Jun 23, 2009

Happy Fathers Day! Part 3

In keeping with his love of books and storytelling, my Dad made sure that family stories wouldn't be forgotten by writing a book that told stories from his parents' lives and his own childhood. He published enough copies for each of his family members. I'll never forget the thrill of discovery, reading new stories about Dad's life, remembering ones I'd nearly forgotten, finally being able to see the timeline of the different events in his life, and understanding how they fit together.

It all started with Jim and Suzanne, my brother and sister-in-law. They encouraged Dad to get started, and got him in touch with a local company that helps people write their own life stories. A writer interviewed Dad for the book, and her journalistic skills elicited information from Dad that he probably wouldn't have thought to include. She transcribed the interview, and helped him edit the final product. A real testament to her ability is that the narrative retained my Dad's voice, in a conversational, natural tone. We were all extremely pleased with and proud of the final product, which included wonderful family photographs. If you are interested, the company is Personal History Productions.

This wasn't my Dad's first foray into recording family history. Just this week he sent me a tape from 1968 (or earlier?), in which he recorded me and my brothers reading stories out loud. I haven't heard the tape in decades, and he no longer has a reel to reel player. But I have access to one, and I'll find out how we can digitize this old 1/4" magnetic tape, to give it new life.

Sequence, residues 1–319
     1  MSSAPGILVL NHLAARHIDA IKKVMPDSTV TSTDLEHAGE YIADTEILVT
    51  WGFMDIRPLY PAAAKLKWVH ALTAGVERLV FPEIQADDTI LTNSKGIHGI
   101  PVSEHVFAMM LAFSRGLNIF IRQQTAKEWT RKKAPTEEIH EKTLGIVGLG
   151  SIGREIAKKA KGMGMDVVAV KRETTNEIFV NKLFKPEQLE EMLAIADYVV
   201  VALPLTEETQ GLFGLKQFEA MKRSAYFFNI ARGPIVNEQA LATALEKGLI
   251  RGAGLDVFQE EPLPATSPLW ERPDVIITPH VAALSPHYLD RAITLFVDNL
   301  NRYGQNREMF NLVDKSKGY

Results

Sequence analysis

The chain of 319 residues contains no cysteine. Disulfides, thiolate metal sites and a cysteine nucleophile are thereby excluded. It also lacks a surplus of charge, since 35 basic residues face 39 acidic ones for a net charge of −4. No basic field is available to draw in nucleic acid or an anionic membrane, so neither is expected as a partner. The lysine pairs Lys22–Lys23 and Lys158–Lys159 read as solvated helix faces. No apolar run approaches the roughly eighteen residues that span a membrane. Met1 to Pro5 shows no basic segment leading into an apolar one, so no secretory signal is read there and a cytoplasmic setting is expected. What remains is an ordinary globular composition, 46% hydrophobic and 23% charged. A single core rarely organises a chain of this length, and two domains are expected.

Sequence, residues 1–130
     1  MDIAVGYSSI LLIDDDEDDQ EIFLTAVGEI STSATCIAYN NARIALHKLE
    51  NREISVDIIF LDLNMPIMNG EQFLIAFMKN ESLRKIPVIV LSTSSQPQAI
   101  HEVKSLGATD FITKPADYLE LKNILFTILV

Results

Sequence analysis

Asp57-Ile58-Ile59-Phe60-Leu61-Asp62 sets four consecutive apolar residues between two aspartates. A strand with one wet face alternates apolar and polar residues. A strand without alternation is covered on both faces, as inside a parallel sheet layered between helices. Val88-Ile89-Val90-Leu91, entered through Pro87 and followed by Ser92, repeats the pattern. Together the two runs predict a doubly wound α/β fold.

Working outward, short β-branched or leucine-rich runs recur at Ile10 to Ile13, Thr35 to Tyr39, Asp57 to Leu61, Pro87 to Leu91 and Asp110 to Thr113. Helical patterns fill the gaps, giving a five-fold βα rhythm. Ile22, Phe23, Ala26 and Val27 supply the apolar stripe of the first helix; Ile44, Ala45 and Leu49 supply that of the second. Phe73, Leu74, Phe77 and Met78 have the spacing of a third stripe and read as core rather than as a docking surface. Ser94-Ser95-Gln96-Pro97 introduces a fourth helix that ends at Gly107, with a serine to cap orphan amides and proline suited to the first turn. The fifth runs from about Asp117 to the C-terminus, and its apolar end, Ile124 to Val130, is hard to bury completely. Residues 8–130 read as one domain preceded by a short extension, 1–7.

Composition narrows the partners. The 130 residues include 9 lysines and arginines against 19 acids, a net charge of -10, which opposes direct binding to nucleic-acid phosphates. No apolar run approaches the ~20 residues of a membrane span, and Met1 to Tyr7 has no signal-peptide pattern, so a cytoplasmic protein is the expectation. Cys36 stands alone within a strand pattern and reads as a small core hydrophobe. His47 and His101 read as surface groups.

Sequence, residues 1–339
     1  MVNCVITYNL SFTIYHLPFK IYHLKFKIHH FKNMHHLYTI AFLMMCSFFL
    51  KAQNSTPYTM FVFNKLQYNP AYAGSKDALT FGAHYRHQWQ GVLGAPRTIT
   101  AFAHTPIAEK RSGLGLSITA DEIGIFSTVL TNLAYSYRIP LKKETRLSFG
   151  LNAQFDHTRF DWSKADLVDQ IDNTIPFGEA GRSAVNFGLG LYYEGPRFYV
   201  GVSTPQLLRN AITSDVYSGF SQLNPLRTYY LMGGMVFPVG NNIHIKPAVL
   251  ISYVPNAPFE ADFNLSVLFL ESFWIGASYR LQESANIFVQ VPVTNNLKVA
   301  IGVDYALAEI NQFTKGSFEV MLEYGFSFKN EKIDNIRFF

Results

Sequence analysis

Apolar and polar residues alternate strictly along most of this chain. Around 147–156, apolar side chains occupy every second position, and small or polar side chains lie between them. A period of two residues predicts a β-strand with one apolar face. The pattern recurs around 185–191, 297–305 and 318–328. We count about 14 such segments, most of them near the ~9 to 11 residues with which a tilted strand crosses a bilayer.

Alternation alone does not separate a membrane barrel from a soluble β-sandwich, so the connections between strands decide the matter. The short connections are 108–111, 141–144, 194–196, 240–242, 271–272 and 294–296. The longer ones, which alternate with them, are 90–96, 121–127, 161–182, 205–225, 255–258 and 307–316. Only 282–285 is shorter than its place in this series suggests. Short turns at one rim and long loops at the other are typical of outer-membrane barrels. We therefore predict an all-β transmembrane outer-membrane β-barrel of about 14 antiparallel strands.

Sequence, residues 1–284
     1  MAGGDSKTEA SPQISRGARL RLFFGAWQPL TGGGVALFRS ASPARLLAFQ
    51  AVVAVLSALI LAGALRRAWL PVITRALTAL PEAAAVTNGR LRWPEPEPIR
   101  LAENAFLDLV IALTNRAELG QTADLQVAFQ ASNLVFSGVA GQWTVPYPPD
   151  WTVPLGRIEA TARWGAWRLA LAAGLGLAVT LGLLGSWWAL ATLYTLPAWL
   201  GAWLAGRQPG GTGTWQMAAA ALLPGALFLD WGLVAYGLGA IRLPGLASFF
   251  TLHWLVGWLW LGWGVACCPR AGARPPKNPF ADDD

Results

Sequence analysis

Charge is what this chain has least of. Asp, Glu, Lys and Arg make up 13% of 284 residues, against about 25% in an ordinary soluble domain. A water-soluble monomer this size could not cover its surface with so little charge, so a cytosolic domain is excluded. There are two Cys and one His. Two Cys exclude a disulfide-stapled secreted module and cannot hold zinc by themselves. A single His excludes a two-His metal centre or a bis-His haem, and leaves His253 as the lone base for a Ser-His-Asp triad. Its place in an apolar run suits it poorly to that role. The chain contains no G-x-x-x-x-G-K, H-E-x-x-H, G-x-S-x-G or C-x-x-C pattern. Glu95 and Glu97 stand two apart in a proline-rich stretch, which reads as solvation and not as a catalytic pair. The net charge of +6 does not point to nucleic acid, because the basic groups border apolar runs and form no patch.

There are many ways in which you can immortalize family stories by writing them down or recording them. Take a look at the nonprofit LifeBio, The Remembering Site, or anonther nonprofit, StoryCorps. Any of these organizations will help make the task more manageable, and give you the steps you need to get started on narrating, writing or recording your family history. Or, you can do what my brothers and I did a few years ago. We simply took a tape recorder, and spent a session conversing with my Dad and asking him questions, prompting memories and funny stories. But, you have to DO something with the tape afterwards! (I haven't--yet.)


Professor Batty said...

I transferred the family audio archives for a dear friend whose late father (who was also one of my teachers) left a boxful of tapes. It was a bittersweet experience, but very rewarding.

Rose said...

You made a digital transfer, Batty?

Professor Batty said...

I've got a pro CD recorder, I use it with my stereo set-up. Most people now use a USB audio input adapter with software (comes with the adapter.) Either way it is kind of tedious, especially if you want to have tracks, you have to do it in real time, pause and insert an edit. The USB adapters are about $30, a Pro CD recorder is several hundred.